The 
Daguerreian Society


During the month of August in the year 1855, the following article (by 
the Philadelphia daguerreotypist Marcus A. Root) appeared in "The 
Photographic and Fine Art Journal" page 246-247:
- - - - - - - - - -

                           For the Photographic and Fine Art Journal.

     A   T R I P   T O   B O S T O N. -- B O S T O N   A R T I S T S.

   The Boston Daguerreotypists and Photographers, as a body, probably 
occupy a higher place of intelligence, energy and personal reputation, 
than those of any other city in the United States.  Already they have 
done, and they are now doing much for the elevation of Heliography and 
its professors, in the public esteem.  Even the "twenty-five," "fifty 
cents," and "one dollar" operators are more skilful, and produce better 
results than many of the "first class" elsewhere.
   But the profession, even here, is degraded by some of the same 
class, who have wrought so much mischief in other sections of our 
country.  To such narrow-minded "Rats" in the vocation, (to borrow an 
epithet from the printers,) we say, "Shame--shame,"--for thus debasing 
in the public estimation an Art at once so beautiful and so rich in 
valuable uses!
   One of the oldest practitioners in the United States, and probably 
the very oldest in Boston, is Albert Southworth, now, and for several 
years past of the firm of Southworth & Hawes, Tremont Row.  To their 
honor be it said, they have never lowered the dignity of their Art or 
their profession by reducing their prices, but their fixed aim and 
undeviating rule has been to produce the finest specimens, of which 
they were capable,--the finest in every respect, artistic, mechanical, 
and chemical; graceful, pleasing in posture and arrangement, and exact 
in portraiture.  Their style, indeed, is peculiar to themselves; 
presenting beautiful effects of light and shade, and giving depth and 
roundness together with a wonderful softness or mellowness.  These 
traits have achieved for them a high reputation with all true artists 
and connoisseurs.
   Their plates, too, have an exquisitely pure, fine, level surface,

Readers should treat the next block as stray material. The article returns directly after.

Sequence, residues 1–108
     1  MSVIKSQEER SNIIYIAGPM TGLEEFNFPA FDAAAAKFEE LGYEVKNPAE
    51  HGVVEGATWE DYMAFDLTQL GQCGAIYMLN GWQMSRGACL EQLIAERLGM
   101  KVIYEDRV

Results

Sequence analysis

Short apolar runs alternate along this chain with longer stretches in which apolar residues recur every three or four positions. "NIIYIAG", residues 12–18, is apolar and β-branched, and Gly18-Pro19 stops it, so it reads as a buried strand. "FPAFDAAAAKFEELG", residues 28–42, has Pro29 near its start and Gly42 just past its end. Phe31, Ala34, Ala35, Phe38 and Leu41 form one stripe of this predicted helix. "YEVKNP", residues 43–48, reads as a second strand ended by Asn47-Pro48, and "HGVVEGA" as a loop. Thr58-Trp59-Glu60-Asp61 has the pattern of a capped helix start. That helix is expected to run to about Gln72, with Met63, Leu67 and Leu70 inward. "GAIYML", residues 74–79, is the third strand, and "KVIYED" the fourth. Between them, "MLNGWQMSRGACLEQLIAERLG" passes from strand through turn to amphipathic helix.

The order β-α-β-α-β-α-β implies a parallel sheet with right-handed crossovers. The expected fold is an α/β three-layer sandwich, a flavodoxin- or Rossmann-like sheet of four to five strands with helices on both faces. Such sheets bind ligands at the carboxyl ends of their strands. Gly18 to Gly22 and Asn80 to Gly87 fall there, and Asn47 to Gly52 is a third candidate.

being resilvered and polished on their "patent swinging plate vice;" 
and are entirely free from waves, bends and dents,--in short, as nearly 
perfect, as is perhaps possible.  And yet, strange to say, their 
pictures seem to me to be fully appreciated neither by the majority of 
Heliographers nor by the public.
   This firm have devoted their time chiefly to daguerreotypes, and 
have paid but little attention to photography on paper.
   I noticed, however, in their Gallery, a photographic copy of Gilbert 
Stuart's original portrait of Washington, full size, and decidedly the 
best photographic copy of that celebrated portrait I have ever seen.  
Saving the color, it is as perfect as one could wish.
   They have also invented and patented a beautiful instrument, by 
which 24 or 48, or even more (stereoscopic) pictures--taken either upon 
plate, or paper, or glass,--are exhibited stereoscopically; and so 
perfect is the illusion, as to impress the beholder with the belief, 
that the picture is nature itself!
   Mr. Southworth explained the wonders of the stereoscope very 
clearly, and he takes his pictures of this class without distortion or 
exaggeration.  I think his principle correct, for his specimens were 
stereoscopically beautiful, and exempt from the many faults witnessed 
in those of others.  I hope his theory, with instructions for its use, 
may be published.
   At our friend Whipple's, (now "Whipple & Black,") Washington street, 
all was in active movement,--steam puffing; engine whizzing; shaft, 
buff-wheels, and even the miniature "sun-sign" above the door, 
revolving.  These things, with the busy motions of the several 
assistants, male and female, imparted to the whole establishment an 
aspect of great industry and prosperity.
  Whipple & Black have ever been and still are "hard-working" young 
men, and have now the advantage, in some points, of all other Boston 
Heliographers.  Competitors, however, are pressing them closely, and 
may, unless they are vigilant, outstrip them.
   Their daguerreotypes are like the majority taken by others.